Giants’ Alec Ogletree’s Biggest Weakness On Full Display This Preseason

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Making the transition from the 4-3 to 3-4 defensive scheme might end up to be a great move for the New York Giants, but finding the right players for the system will require time. General manager Dave Gettleman traded for former Rams linebacker Alec Ogletree earlier this offseason, allocating roughly $10 million per-year to the six-year veteran.

Ogletree has had tremendous success in the past, primarily as a run-stopping linebacker who manages the defense from the MIC position. He’s a physical and powerful linebacker with the ability to hunt down runners and stop them in their tracks. He’s a perfect fit for the linebacker heavy 3-4 scheme, but he has one glaring weakness. He is terrible in coverage.



In 2017, the Giants were one of the worst teams in the NFL when covering opposing tight ends, and this might be an issue in ’18 as well. Ogletree has already been toyed with by Browns’ David Njoku and Detroit running back Theo Riddick.

The play above is incredibly concerning, as it shows how slow and unable Ogletree is in coverage. The worst part is that he begins the play lined up infront of him, knowing his assignment, where alternatively he would be keeping an eye on the opposing tight end to break into a route.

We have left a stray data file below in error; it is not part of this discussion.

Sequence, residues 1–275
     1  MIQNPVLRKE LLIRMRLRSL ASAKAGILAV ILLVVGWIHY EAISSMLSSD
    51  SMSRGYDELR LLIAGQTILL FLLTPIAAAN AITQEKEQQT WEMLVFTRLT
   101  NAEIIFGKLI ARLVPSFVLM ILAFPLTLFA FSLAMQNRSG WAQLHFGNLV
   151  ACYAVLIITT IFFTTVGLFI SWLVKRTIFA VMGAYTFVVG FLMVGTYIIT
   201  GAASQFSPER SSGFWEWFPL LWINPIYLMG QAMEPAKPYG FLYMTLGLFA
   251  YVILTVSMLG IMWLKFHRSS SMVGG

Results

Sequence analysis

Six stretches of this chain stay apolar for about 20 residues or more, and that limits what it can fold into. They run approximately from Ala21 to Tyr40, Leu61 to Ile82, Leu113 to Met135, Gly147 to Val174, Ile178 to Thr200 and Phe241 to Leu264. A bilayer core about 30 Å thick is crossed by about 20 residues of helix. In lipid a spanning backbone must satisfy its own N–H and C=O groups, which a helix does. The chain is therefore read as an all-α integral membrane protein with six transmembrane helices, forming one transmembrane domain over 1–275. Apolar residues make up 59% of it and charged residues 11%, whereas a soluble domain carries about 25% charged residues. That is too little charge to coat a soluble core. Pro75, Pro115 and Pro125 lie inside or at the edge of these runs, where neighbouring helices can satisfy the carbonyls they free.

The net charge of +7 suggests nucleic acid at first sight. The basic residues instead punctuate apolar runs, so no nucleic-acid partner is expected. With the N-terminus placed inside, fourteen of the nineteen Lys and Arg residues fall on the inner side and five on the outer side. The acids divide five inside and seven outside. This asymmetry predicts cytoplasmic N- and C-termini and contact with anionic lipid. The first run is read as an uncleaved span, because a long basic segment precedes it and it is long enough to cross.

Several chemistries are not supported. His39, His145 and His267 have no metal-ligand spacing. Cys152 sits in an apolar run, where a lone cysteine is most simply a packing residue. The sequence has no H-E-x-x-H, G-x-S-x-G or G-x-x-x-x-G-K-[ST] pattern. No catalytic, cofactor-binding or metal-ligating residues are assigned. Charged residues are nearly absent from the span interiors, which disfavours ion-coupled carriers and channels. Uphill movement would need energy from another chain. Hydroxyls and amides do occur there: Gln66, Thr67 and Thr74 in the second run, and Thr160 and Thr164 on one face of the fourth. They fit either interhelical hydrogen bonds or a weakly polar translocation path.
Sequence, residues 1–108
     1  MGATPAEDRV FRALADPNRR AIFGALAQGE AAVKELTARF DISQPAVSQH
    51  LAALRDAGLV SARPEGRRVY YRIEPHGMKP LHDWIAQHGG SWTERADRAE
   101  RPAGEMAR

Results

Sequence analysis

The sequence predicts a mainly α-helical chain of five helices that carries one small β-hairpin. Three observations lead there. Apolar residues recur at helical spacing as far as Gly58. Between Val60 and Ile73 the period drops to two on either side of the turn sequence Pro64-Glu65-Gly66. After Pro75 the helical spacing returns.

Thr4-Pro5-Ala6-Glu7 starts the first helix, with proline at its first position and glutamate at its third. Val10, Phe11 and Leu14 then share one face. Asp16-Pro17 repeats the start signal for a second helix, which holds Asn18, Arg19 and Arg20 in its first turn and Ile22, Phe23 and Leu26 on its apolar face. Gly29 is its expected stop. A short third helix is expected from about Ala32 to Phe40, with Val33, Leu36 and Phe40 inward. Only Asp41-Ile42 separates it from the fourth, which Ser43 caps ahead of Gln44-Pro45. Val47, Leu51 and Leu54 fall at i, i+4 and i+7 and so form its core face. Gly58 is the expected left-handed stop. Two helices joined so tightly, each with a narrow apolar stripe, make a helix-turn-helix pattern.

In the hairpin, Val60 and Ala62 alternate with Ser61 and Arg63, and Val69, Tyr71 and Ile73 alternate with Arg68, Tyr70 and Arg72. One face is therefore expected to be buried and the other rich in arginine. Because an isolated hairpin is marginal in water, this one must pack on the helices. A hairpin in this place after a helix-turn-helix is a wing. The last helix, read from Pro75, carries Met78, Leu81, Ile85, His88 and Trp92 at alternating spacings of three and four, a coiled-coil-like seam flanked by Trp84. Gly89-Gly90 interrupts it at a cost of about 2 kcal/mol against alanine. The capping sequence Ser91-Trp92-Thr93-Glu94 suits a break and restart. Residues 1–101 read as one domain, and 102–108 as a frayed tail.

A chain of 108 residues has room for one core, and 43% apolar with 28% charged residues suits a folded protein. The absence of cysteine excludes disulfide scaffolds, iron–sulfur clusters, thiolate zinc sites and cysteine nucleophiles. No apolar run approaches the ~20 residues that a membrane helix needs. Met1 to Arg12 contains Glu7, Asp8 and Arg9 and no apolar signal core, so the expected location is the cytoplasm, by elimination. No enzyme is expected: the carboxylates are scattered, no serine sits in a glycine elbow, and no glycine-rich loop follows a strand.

How can the New York Giants reinforce Alec Ogletree in coverage?

The issue with the 3-4 defense is that it requires consistent blitzes and leaves the secondary to fend for itself. This means that Ogletree will not receive any reinforcements from fellow linebackers, and the safeties will be playing the deep ball and helping out in coverage. Ideally, you want to have at least one LB that can cover, but the Giants have fortified the middle of the field with two run stopping, physical players.

Luckily, it’s only the preseason, and he still has two more weeks to refine his abilities and adapt to James Bettcher’s heavy blitz defense. A lot of developement might be in the cards for Ogletree; if he can’t manage to be a serviceable LB in coverage, the Giants will have to find a way to manage tight ends and running backs through different means.

 

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